The game began in front of 60.000 spectators at Wankdorf Stadium in Bern, the Swiss national stadium. After a few minutes, the German dream was almost quashed when Ferenc Puskas scored. It was a show of brilliant poaching. Then, they scored again through Sandor Kocsis after a short lapse In concentration from the Germans. Hungarian radio wanted to calm both the team and the viewers down after this goal by saying that it was just like the last game that was won 8-3. Then Nuremberg legend Max Morlock reduced the score to 1-2 after 10 minutes and he began to shiver. The German commentator Zimmermann instead said that this Germany is not the same that git beat 8-3, this is no B-team, he said. He was right! Because Helmut Rahn completed the sensational fight back after 18 minutes. The rest of the first half wasn’t as frantic, but with some opportunities on each side. The Hungarians were at their best between the 20th minute and the 70th and created chances every time they went forward. However, through a rigorous marking job from Karl Mai and Werner Liebrich, the Hungarian strikers were kept out. Then, Germany fought back and gained a bit of possession. They created their first good chance in the 71st minute when Helmut Rahn took a deranged shot at goal from the corner of the box.
15 minutes after this, Hans Schäfer managed to dispossess Jozsef Bozsik and crossed it into the area. The ball was cleared, but Helmut Rahn picked the ball up, hopped past a few defenders, found room to shoot and drove the ball into the net behind Grosics. 3-2! The Germans rejoiced, Helmut Rahn, the “Cannon from Essen” had just scored a great goal and sent the German commentator into new, uncharted levels of euphoria. Ferenc Puskas scored a header from close range after a cross from Toth, but it was ruled out for offside. The referee blew his momentous whistle and Germany had beaten the Mighty Magyars. The German commentator couldn’t formulate himself, the Hungarian radio commentator couldn’t hold his tears and began to sob, while he also thanked the “fair” Germans for a good game between to really good sides. The Germans dropped down in the grass. I wonder if they even fathomed what they had just done.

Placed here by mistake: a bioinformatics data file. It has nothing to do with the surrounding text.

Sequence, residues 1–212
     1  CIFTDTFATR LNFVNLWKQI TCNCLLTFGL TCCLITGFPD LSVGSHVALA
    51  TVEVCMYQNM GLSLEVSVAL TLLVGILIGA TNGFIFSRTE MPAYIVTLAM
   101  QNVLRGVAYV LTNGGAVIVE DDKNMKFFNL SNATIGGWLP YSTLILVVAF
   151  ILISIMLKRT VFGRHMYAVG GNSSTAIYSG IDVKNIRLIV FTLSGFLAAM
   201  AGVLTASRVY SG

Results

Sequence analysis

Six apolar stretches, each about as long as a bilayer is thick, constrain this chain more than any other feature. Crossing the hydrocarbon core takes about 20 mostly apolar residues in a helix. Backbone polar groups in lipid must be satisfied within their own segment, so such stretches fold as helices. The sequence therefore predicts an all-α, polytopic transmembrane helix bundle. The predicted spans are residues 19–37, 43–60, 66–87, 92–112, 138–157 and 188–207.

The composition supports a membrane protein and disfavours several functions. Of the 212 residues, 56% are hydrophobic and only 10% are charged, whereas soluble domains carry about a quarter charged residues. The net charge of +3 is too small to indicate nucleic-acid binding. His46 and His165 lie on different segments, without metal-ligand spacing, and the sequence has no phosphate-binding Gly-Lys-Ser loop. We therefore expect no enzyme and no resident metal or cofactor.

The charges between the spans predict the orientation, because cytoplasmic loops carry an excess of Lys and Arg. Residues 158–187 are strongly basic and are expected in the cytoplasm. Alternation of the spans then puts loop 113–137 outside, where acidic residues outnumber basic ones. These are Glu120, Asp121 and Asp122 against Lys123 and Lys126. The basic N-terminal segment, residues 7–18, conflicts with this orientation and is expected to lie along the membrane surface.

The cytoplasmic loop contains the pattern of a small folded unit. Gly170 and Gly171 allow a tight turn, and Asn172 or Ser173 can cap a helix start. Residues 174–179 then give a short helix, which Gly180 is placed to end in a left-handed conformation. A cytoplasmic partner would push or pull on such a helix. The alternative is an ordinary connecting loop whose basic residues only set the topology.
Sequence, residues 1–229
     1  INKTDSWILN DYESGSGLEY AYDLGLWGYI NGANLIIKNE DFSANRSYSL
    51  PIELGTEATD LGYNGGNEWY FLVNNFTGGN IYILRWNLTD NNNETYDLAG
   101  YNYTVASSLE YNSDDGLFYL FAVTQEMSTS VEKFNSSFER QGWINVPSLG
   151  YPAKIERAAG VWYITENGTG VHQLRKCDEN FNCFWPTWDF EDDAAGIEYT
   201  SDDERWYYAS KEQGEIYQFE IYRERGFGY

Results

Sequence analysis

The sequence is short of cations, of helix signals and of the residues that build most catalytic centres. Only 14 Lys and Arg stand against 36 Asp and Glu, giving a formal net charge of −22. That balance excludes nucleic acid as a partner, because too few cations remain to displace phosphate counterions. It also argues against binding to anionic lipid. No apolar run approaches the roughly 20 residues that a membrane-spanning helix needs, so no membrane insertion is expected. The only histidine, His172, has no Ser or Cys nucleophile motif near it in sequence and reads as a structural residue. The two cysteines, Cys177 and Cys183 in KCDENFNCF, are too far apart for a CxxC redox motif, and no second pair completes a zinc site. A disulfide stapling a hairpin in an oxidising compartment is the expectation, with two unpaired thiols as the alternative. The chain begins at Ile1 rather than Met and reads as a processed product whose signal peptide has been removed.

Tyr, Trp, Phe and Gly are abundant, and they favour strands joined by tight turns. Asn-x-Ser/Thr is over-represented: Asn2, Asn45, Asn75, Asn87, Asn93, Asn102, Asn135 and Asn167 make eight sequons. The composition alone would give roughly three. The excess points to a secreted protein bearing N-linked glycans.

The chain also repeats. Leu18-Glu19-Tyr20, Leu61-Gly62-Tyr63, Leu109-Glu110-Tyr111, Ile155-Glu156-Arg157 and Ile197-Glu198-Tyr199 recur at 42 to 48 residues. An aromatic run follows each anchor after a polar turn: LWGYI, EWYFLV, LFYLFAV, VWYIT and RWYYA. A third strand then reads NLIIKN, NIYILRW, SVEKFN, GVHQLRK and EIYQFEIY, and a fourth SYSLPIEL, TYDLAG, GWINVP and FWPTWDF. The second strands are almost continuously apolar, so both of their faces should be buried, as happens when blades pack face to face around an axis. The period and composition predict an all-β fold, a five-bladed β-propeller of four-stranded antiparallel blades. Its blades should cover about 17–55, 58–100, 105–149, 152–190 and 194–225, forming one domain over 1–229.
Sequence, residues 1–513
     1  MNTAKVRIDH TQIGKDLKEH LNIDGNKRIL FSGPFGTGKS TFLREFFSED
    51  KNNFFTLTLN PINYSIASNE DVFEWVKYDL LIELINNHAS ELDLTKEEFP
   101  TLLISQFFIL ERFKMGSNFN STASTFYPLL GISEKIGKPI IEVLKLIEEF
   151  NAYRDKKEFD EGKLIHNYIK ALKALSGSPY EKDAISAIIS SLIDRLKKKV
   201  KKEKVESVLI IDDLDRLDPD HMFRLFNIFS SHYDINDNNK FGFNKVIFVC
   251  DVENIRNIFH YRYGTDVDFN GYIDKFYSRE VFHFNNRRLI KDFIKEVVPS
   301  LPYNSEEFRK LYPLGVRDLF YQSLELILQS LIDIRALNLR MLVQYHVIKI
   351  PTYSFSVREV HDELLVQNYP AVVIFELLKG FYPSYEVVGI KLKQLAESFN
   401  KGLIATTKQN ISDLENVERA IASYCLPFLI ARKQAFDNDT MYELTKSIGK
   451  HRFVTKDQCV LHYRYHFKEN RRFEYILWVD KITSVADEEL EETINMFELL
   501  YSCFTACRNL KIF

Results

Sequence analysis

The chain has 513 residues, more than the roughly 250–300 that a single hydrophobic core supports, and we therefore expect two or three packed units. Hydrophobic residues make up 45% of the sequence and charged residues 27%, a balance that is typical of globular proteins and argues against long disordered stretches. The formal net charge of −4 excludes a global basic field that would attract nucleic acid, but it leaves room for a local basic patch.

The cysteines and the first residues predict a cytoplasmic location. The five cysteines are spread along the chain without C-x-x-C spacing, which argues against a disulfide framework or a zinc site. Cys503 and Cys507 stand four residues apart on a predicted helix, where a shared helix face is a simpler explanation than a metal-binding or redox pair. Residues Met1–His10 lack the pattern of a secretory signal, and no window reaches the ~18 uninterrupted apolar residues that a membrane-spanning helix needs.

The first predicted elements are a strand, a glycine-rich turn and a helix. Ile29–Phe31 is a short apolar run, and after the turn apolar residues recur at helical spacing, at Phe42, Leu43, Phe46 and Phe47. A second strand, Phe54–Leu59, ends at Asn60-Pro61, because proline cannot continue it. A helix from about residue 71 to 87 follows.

Some historians claim that this World Cup win was the start of the new German republic and that it was the sign of a reboot. Because after this, the German society began to recuperate. It slowly got better and realized that the future was perhaps not at fruitless after all. If Germany could beat Hungary at the World Cup, then the strong and industrious German people could overcome any trouble that is being thrown at them. A slight peek at where Germany are now would validate that claim.